Volume 103, Number 13 - November 30, 2006
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Feds' study shows more restrictions to drilling
“We have a real challenge balancing our multiple use mission in the growing West,” Bureau of Land Management Director Kathleen Clarke told reporters upon the unveiling of a new inventory of federal lands for oil and gas development.
The inventory, a study mandated by the Bush Administration’s Energy Policy Act of 2005, expands on a 2003 report mandated by the Energy Policy and Conservation Act of 2000. The new inventory examines the extent of U.S. onshore Federal oil and gas resources. Compared to the 2003 study, this one finds more lands have restrictions on their development than previously thought.
Eleven areas were inventoried in this study. Six of these were not included in the 2003 study. These new oil and gas basins, in Alaska, the Rocky Mountains and the East, are estimated to have 187 trillion cubic feet of natural gas and 21 billion barrels of oil. This represents 76 percent of onshore Federal oil and gas resources.
Nationally, the report revealed the difficulties developers of energy resources must face because of environmental protection restrictions. Industry lobbied for the revised study in order to prove the obstacles they have to deal with when leasing and drilling for oil and gas. The lobbyists asked Congress to change the way the inventory was categorized lands.
This new inventory primarily changed categorizations of existing land while surveying the new basins. In 2003, lands which had conditions on drilling permits were placed in the category “Accessible under Standard Lease Terms”. This study placed these under the category “Accessible with Restrictions” category. This enlarged the amount of acreage with restrictions, and reduced the accessible without restrictions lands.
The new study also excludes “Proved Reserves,” thereby decreasing the resources within the “Accessible under Standard Lease Terms” category.
According to the new report, about 50 percent of the oil and more than 25 percent of the natural gas accessed beneath the 99 million Federal acres that were studied are off-limits to drilling.
The BLM found that of the 99 million acres inventoried, just three percent of onshore Federal oil and thirteen percent of onshore Federal gas are accessible under standard lease terms. The agency estimates that 60 percent of onshore Federal gas may be developed subject to additional restrictions.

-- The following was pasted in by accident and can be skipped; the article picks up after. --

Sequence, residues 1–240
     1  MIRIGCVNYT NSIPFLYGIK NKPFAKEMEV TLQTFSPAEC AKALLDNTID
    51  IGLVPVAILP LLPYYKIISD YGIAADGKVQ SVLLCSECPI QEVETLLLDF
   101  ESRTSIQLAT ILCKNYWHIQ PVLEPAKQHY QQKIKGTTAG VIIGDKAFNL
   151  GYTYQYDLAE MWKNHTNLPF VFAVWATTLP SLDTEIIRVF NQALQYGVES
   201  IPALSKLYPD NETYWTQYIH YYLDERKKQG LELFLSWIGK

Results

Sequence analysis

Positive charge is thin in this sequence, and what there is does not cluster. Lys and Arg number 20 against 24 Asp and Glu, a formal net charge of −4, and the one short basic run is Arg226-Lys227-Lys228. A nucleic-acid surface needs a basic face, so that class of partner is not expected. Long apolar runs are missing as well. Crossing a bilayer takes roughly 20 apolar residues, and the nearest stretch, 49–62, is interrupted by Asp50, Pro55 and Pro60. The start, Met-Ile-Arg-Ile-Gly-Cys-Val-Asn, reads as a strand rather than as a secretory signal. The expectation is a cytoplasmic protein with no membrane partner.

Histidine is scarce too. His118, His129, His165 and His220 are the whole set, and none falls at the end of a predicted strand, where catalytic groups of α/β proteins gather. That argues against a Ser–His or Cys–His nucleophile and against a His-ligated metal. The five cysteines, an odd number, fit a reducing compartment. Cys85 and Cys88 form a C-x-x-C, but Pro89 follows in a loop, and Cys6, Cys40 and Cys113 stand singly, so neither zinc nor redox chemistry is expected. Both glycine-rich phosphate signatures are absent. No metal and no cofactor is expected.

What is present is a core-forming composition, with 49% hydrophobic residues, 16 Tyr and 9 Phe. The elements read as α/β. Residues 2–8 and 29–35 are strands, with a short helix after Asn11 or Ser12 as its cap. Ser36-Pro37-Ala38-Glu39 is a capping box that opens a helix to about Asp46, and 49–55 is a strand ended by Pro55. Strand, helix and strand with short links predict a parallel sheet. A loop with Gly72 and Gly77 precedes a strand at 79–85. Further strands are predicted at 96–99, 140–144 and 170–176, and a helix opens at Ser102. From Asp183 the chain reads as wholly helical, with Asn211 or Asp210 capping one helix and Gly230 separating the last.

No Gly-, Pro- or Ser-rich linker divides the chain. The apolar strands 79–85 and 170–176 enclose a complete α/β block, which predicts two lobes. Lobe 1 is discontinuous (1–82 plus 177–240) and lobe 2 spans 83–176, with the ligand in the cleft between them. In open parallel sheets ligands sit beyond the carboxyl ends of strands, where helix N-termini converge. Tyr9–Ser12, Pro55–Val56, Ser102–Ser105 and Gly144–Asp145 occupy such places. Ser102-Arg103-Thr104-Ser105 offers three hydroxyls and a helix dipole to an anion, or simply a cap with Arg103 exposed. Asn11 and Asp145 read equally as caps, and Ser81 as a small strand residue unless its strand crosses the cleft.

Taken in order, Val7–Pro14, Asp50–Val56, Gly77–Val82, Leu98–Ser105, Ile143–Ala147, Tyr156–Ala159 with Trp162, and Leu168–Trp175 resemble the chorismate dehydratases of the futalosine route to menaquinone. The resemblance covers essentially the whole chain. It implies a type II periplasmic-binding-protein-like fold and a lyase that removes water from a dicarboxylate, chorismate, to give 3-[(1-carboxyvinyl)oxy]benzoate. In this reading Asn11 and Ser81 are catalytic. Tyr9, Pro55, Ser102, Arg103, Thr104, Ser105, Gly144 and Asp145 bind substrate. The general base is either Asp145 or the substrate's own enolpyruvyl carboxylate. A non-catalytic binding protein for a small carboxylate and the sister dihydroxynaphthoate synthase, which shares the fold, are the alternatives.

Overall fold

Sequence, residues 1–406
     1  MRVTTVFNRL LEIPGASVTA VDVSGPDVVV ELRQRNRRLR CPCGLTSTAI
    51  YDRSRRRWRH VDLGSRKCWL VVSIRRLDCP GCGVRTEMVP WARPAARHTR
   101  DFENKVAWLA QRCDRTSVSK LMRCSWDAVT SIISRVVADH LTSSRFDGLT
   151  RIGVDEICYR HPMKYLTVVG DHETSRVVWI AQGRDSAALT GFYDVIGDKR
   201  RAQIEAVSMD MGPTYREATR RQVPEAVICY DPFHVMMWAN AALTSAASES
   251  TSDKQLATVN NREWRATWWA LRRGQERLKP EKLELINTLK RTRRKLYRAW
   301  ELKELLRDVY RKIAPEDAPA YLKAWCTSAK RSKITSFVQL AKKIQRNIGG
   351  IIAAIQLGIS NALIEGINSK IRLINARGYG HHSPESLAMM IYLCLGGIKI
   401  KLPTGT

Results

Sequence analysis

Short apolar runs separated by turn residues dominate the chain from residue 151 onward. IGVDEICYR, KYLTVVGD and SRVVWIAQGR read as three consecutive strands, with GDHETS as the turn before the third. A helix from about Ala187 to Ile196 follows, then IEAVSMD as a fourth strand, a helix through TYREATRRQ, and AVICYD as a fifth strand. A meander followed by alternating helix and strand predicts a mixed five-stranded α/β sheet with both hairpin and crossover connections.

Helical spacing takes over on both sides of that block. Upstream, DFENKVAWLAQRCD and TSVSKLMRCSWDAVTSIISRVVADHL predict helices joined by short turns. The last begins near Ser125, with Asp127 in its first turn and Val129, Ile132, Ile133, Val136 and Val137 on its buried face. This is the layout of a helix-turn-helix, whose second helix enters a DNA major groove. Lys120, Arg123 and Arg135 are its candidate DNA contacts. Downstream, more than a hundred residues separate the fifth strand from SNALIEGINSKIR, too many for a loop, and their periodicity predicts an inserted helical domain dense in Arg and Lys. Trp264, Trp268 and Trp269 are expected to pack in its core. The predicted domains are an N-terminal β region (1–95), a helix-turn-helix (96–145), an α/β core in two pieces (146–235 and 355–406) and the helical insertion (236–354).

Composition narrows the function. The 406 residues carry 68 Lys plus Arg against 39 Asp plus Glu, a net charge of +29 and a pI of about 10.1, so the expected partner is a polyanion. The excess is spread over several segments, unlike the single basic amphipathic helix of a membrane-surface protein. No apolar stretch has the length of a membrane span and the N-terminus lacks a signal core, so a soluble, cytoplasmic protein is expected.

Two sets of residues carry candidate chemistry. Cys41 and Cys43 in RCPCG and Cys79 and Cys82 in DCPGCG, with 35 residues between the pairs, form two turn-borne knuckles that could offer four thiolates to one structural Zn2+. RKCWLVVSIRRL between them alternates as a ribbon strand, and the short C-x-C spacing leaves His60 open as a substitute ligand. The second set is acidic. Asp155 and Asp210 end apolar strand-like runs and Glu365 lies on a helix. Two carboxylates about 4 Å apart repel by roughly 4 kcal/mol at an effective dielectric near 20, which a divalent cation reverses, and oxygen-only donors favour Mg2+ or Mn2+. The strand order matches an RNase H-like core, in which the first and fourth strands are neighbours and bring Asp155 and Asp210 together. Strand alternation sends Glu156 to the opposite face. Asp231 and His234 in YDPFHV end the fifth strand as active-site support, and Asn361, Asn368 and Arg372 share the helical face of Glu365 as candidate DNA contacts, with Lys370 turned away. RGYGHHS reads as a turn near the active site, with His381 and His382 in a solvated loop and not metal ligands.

In Wyoming, the new study took another look at the Powder River and Upper Green River Basins as well as analyzing the Wyoming Thrust Belt and Denver Basin resources.
In the Upper Green, the BLM found that lease restrictions, such as wildlife stipulations, increased on Federal lands from the 37 percent covered in 2003 to 50 percent covered now.
Seventy-six percent of the gas reserves in the Upper Green have access restrictions, up from the 25 percent in 2003. Clarke would not comment if the report revealed BLM’s success in establishing restrictions to protect environmental concerns, or if it justified industry’s claims that the agency was being too restrictive to development.
“This shows the realities that are out there in terms of development,” she said. Clarke found the new report to be a “more complete and accurate” study than the 2003 report.
“We need to be vigilant in the care of our environment while meeting the needs of the nation for energy,” she added.
The study does not address the amount of acreage with restrictions where those stipulations have been lifted or received exceptions for various amounts of time. Responding to the more restrictive terms found for development in the Upper Green, the Petroleum Association of Wyoming urged the BLM to look at “innovative” approaches industry has developed to work around wildlife stipulations.
An environmental study, supplementing the Anticline’s Environmental Impact Statement will be released by the BLM soon. This statement will analyze the assertions Shell, Ultra and Questar have made regarding year-round drilling on the Mesa. These operators believe that their methodology will reduce their impact to wildlife species and air quality, as well as improve workforce stability.
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